A long time ago, there was only one option available: the traditional paper book. Nowadays, we can choose to read, watch, or listen to books. While there’s the luxury of options, new questions arise, such as: How should we read a book? Is one format superior to the other? We’ll look first at traditional books, then e-books, and finally, audiobooks.

According to research, paper books have certain advantages over other formats. For one, readers have a better sense of progression when they can physically flip through pages. This progression also contributes to greater memory retention. Also, paper books don’t emit the blue light that electronic devices do. Some people like the feeling of paper. The pulpy smell, the weighty feeling, and the ability to flip through the pages enhance the reading experience.

There is some skepticism behind audio, as some people feel that it doesn’t provide the same level of immersion as reading. A study notes that you can absorb information almost as well through audio as reading (whether they’re fully equal is another topic of debate). In some cases, the narrator’s tone can even help listeners to better understand the meaning behind texts.

The issue with audio, though, is that humans are prone to multi-tasking. If you’re typing up an email or cooking a meal while listening to the narrator, the message can become lost. Personally, I like using audiobooks when I’m less likely to be distracted, such as when waiting around or going for a walk.

The greatest advantage e-books offer is convenience. This is useful for traveling, especially if you want more reading options. The big issue around e-readers, however, is the blue light effect. In one study, researchers found that people who read light emitting e-readers took longer to fall asleep than those who read paper books. Readers who used devices such as tablets, laptops, smartphones, and backlit readers reduced their levels of melatonin, a hormone that increases in the evenings and induces sleepiness. As a result, they experienced low-quality sleep and were tired the next morning.

The good news is that e-ink readers, such as the Kindle, are an exception. These devices emit light towards the screen to cast a glow, rather than directly shining a light towards the reader’s eyes. The resulting effect is similar to a lamp shining onto a paper book.

Ideally, we would be able to read uninterrupted for hours at a time, under soft lighting, and free of all distractions. Unfortunately, most of us don’t have that luxury on a daily basis. So how can we make the most out of what we read? Here are four solutions:

Reading only when you have long, empty periods to spare can be difficult. We squeeze in books whenever we can, between work and relaxation. These factors make it hard to fully immerse ourselves.

It makes sense, then, to categorize reading material according to your place and time. For instance, articles and light reads can be reserved for short periods. Books that require less focus can be listened to in audio format. Heavy reading material can be saved for those moments when you have long stretches of free time.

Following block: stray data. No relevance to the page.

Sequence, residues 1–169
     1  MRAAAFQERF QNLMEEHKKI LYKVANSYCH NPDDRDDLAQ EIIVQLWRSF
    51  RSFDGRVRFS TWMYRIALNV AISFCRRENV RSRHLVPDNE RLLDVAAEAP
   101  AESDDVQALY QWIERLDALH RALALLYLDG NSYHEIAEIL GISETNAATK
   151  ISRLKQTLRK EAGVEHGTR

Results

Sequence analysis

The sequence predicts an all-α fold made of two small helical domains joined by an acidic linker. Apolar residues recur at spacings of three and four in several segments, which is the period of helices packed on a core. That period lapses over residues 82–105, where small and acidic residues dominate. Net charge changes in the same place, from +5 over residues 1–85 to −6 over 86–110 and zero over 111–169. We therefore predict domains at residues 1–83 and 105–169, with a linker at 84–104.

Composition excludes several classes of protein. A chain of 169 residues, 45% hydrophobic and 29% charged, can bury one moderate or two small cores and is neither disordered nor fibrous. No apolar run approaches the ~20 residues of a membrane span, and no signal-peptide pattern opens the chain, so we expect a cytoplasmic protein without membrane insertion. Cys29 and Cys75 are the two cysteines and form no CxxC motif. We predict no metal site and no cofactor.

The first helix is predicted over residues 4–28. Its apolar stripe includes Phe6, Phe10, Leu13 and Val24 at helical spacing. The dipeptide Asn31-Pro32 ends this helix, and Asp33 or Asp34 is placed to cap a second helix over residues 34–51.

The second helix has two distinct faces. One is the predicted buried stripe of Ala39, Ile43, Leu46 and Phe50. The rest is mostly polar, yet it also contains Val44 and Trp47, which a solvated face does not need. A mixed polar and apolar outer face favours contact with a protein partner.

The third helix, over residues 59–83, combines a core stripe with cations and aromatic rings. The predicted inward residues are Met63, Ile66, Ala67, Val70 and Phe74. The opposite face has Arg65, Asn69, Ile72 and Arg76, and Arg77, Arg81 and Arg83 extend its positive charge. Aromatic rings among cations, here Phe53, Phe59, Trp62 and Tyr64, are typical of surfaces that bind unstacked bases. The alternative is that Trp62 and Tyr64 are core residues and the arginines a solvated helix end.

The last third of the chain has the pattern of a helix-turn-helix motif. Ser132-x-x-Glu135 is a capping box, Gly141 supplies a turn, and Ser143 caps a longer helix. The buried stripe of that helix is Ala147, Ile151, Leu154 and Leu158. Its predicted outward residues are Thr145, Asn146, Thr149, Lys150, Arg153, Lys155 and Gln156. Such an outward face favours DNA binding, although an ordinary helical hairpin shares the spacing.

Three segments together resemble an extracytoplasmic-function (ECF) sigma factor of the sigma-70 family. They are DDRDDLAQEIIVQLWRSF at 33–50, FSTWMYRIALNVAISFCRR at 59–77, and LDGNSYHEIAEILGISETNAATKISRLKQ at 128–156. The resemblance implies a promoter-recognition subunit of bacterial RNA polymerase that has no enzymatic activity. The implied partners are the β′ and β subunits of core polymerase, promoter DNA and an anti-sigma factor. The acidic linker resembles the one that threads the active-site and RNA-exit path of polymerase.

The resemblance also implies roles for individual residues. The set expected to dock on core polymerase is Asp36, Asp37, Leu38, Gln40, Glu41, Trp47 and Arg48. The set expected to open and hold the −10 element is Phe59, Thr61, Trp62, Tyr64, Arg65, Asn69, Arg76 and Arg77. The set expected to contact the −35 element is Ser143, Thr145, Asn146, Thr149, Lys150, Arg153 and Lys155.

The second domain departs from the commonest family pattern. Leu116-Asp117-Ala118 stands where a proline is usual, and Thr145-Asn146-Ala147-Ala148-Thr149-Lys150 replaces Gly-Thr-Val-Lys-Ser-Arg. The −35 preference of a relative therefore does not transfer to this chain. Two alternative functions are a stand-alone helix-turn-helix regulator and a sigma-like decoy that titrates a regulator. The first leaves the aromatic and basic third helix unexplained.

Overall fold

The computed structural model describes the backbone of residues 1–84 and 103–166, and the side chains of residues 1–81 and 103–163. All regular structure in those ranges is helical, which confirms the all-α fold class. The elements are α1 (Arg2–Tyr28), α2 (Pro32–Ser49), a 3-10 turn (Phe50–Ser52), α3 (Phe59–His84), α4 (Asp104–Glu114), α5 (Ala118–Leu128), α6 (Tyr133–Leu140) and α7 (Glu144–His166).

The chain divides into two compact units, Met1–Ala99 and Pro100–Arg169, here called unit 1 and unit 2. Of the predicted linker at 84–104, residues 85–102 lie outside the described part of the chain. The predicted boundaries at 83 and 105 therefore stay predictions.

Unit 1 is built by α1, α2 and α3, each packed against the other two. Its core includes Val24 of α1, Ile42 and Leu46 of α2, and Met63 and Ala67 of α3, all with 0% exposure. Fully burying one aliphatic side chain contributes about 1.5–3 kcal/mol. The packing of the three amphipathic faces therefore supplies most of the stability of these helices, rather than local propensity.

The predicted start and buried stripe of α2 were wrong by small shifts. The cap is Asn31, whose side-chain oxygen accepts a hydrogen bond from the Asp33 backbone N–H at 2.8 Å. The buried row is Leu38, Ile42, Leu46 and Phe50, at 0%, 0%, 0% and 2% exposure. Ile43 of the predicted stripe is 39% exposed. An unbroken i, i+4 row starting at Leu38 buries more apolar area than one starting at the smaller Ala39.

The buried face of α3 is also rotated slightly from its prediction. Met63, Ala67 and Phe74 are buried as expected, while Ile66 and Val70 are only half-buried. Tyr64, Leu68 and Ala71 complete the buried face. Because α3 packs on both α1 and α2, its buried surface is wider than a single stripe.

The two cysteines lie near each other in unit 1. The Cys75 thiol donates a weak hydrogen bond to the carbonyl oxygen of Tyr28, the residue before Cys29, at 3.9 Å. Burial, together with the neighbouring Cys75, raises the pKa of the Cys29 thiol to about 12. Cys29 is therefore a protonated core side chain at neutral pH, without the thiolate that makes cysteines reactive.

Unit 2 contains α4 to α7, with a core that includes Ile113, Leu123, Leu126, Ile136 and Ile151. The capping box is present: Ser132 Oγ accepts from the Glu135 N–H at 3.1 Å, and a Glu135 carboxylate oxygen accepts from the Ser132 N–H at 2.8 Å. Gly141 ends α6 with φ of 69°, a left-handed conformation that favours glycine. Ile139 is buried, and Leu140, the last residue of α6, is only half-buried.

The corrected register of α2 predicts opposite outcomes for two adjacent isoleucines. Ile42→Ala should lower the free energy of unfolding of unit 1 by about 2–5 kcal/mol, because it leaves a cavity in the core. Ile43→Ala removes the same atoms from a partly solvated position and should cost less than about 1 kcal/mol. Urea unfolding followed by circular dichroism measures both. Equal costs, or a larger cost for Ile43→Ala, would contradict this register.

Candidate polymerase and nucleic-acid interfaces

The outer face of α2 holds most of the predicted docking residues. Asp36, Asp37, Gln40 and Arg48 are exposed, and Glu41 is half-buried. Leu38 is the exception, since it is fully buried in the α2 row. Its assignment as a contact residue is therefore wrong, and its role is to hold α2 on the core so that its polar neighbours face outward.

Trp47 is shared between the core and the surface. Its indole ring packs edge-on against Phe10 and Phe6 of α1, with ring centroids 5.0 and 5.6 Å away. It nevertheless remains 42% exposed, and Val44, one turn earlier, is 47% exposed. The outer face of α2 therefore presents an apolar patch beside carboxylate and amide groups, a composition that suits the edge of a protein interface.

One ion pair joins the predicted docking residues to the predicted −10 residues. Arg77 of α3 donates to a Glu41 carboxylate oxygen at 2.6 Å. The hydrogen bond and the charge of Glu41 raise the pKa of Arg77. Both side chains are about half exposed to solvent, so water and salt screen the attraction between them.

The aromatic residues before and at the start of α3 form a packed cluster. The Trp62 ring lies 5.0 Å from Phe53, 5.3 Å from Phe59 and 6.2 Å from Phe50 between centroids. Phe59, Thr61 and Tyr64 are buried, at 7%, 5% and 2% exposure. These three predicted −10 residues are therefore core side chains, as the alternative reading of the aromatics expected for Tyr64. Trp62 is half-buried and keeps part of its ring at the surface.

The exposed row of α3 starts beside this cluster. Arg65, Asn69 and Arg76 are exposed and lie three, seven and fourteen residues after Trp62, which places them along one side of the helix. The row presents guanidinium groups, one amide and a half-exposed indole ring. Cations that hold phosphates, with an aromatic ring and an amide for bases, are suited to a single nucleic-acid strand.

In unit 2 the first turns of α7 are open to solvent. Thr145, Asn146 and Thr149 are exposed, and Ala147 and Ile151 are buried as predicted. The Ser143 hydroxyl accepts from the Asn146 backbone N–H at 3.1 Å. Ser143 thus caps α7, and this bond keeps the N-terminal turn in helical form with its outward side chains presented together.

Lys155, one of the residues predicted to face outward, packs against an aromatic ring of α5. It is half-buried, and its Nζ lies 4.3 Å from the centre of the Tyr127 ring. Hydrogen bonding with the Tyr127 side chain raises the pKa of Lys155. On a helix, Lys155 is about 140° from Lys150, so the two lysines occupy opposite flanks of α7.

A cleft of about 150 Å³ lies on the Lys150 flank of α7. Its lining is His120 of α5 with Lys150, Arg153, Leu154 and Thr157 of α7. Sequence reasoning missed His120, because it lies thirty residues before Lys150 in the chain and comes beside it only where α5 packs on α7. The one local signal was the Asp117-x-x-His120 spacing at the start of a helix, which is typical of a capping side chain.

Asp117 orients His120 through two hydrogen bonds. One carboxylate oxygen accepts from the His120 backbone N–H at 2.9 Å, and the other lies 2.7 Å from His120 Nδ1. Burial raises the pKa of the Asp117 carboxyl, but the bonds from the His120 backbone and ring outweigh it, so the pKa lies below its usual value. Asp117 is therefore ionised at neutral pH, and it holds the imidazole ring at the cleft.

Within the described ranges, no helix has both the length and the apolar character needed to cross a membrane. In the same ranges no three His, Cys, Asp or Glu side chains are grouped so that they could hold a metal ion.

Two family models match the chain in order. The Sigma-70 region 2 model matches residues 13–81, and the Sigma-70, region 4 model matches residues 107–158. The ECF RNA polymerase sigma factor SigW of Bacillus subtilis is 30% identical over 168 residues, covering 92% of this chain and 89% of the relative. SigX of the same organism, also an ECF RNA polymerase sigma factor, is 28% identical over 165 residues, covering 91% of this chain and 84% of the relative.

Optimal reading times include early in the morning, or right before sleep. Of course, you can fit in reading whenever, but I find these two times perfect for starting and ending the day.

An easy way to begin this habit is by putting a book on your bedside table so that it’s one of the first things you see after waking up and before going to sleep. If you’re rusty on the reading, choosing a light, fun read can be an effective way to ease yourself into picking up a book.

If you just finished reading a book you enjoyed, share it with someone who might like it as well. And if someone with similar tastes recommends a book to you, why not check it out?

Going through similar experiences and bonding through books helps you become closer with others. A shared discussion can also help you to better understand and appreciate what you read.

I use a few methods to absorb the material, including:

Jotting notes: If there are some interesting facts in the book, I’ll highlight them, make some annotations, or copy down notable paragraphs.

Write an article: Sometimes, I’ll write an article describing the events that happened in a book, along with my reflections and main takeaways.

See an adaptation: Popular novels often have film adaptations. I like to check out films that are based on novels to compare my interpretation with someone else’s, relive key events, and enjoy the work in a different medium.

Although some still resort to old-fashioned paper books, the traditional format is making way for a different style of reading. We’re carrying hundreds of books electronically. We’re listening to stories. We’re watching events unfold on screen.

Not only is the form changing, but so is our approach.

We’re increasingly cutting our activities into small segments, rushing to finish what we do, or trying to do everything at once. While it’s almost impossible to push back against the tides of time, it’s up to us to find methods to adapt and thrive in periods of change, both in reading and other facets of life.